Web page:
A Lion Shame (Bear Creek Grizzlies Book 3)

By: Layla Nash & Callista Ball

Bear Creek Grizzlies Book 3



Chapter 1





Tate





Tate sat at the bar and nursed a glass of whiskey, trying his best to ignore the commotion behind him. Rosie's bar had gotten busier and busier as Bear Country Tours took off and more tourists moved through the town, drawing the locals in as well with promises of additional revenue. And new faces to hit on.

He made a face and focused on the liquor as one of the local girls, only a few years out of high school and facing a lifetime of working on her daddy's farm, sidled up to him and batted her eyes at Rosie behind the bar. She asked for a diet Coke and Tate wanted to slam his face into the bar. It wasn't that the girl wasn't pretty — she was. But that was all she was. She hadn't been anywhere and maybe wanted to change that, so she was eying him like her ticket out of the small town. He'd just be a way to get to the big city for that girl, or maybe a meal ticket if she didn't want to work. Tate wanted more from a relationship, and since he wasn't going to find it there, he wasn't interested in any of it. Not even for a night, since it wouldn't be fair to the girl.

Rosie eyed him as she slid the girl her drink and told her to scamper away home before last call, otherwise Rosie would call her mama, and then the bartender leaned her elbows on the scarred surface of the bar. "Okay, handsome. Spill. You're glummer than a colt in the gelding barn."

He snorted, glancing up only enough to tip more whiskey into his glass. He'd convinced her to get the good stuff, finally. No more of the bullshit rubbing alcohol those cowboys called whiskey. No taste. "Nothing to worry about, Rosie."

"I could put a smile on your face, darlin', but since you've turned everyone else down this week, I don't think I'll put my ego on the line." Rosie took away the bottle, though.

"You sure about that, sugar?" Tate winked at her and Rosie laughed, waggling her eyebrows.

She gave him a good look at her ample cleavage in response, and Tate nearly snorted his drink through his nose as he tried not to laugh. Rosie was a grade-A cougar, in every sense of the word, and if Tate hadn't enjoyed her company so much, he might have taken her home. But he didn't want to ruin their friendship with sex. So he heaved a dramatic sigh and half-stood from his stool to reach over the bar, retrieving the bottle of whiskey she'd tried to hide. He refilled his glass. "Oh, Rosie. You'd love me and leave me. I'm not sure my heart could take it."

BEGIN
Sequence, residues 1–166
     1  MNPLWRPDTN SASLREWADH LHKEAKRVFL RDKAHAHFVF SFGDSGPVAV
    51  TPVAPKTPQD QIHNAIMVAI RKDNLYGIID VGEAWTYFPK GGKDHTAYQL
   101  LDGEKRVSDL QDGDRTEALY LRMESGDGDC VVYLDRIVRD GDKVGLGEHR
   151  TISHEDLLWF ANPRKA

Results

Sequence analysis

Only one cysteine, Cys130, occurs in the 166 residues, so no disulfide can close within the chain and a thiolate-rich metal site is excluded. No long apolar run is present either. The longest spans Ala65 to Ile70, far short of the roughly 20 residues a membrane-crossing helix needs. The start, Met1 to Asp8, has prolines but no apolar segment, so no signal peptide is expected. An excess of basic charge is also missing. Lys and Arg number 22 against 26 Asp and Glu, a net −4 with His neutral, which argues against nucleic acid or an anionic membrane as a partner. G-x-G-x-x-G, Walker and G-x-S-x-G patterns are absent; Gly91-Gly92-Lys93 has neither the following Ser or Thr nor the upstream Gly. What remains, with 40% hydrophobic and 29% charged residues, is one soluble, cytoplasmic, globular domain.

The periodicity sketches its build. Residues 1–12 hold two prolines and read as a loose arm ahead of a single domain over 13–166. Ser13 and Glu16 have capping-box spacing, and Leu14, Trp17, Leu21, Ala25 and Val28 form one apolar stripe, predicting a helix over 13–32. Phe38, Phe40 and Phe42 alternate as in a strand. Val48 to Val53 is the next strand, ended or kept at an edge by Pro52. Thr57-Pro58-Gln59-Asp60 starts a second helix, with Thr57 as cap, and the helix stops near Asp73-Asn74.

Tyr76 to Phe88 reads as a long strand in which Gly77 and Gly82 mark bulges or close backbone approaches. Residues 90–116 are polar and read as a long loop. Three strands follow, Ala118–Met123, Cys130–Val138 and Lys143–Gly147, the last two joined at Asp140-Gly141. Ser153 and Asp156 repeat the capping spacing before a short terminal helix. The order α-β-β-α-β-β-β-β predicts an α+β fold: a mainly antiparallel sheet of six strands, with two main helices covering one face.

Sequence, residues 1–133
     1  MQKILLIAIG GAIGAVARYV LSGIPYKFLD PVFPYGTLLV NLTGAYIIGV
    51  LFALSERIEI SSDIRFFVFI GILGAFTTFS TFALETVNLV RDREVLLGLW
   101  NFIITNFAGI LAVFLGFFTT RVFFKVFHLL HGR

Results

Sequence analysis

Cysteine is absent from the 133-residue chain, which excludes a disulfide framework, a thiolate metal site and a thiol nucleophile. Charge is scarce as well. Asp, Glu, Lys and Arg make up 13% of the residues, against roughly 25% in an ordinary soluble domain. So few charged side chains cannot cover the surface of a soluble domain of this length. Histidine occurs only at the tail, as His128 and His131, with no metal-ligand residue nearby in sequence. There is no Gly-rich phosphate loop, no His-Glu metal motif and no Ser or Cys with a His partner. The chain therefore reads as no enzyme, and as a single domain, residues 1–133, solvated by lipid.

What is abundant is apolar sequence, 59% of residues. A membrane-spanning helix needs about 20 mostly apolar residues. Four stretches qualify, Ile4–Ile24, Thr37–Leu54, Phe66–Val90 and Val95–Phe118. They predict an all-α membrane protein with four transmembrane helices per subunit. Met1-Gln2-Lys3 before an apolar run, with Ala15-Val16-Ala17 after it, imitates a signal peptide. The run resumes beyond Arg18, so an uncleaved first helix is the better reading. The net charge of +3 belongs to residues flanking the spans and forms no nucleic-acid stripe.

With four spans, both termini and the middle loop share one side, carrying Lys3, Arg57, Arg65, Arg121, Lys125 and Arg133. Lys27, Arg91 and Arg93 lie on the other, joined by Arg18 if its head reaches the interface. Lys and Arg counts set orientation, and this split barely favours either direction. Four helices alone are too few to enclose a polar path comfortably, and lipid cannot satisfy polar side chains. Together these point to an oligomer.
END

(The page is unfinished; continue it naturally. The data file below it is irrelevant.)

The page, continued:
"It's not your heart I'm worried about," she said under her breath, moving away to shout at one of the drunks who tried to fish his keys out of the bowl near the register.

Tate chuckled into his drink, pretty damn certain he knew what she was thinking, and shook his head. It had been a long couple of months since he moved to Bear Creek after his half-sister Zoe nearly got killed by her mobster boss. And since Zoe had shacked up with Simon, Tate's battle buddy from too many years in the French Foreign Legion, Tate didn't exactly like hanging around their house. Zoe being pregnant only made it worse, since it left absolutely zero possibility that she hadn't slept with Simon and they only read poetry to each other in bed. Tate really didn't want to think about his little sister getting it on with anyone, even his buddy. Especially his buddy.

Tate made a face and swirled the whiskey in his glass, debating whether he wanted another burger. It was too damn cold and a snowstorm had been blowing for hours. He didn't have to walk far to get to the apartment he rented over the hardware store, but he hated every second of being outside. He was a mountain lion, not built for deep snow. He was the desert kind of mountain lion. He liked sun. Lots and lots of sun. So it would be a long winter in this frozen town. He'd taken over the business side of Simon's tour company, greeting the tourists when they reached town and arranging their transport up the mountain. The roads were too treacherous in winter to send the tourists up the mountain on their own, so Tate did the honors.

Rosie sauntered up, slapping a dish towel against her palm, after sending the drunk off with his son. The snow blew in as soon as the door cracked open, and Tate shivered. He really hated snow. The bartender planted her fists on her hips and leveled a “no messin' around” look at him. "Spill, Tathan."

He shook his head, fighting a smile. He'd never told her what Tate was short for, so she started guessing it was like Nathan and Nate. Tathan and Tate. He rubbed his forehead, suddenly too tired to play games. "Just a bad time of year, Rosie. A couple of rough anniversaries I don't want to think about. Whiskey takes the edge off."

"What kind of anniversaries?" Rosie pulled a few bottles of beer from the cooler and slid them down the bar to a waiting customer, never looking away from him. Despite the joking and flirting, Tate knew she worried about him. He believed she genuinely cared, regardless of whether or not he let her get in his pants. They were both mountain lions in a town run by bears, so he'd always felt a connection with her. If there was anyone he would admit it to, it would be Rosie.

"Well..." He almost spilled the beans on Paris. Just as the whiskey encouraged him to whisper Monique's name, that he'd loved her in the city of lights, the door to the bar blew open once more and a cold blast of air froze him to the stool. He turned in time to see a young woman, bundled up and carrying a small child, tumble into the bar.

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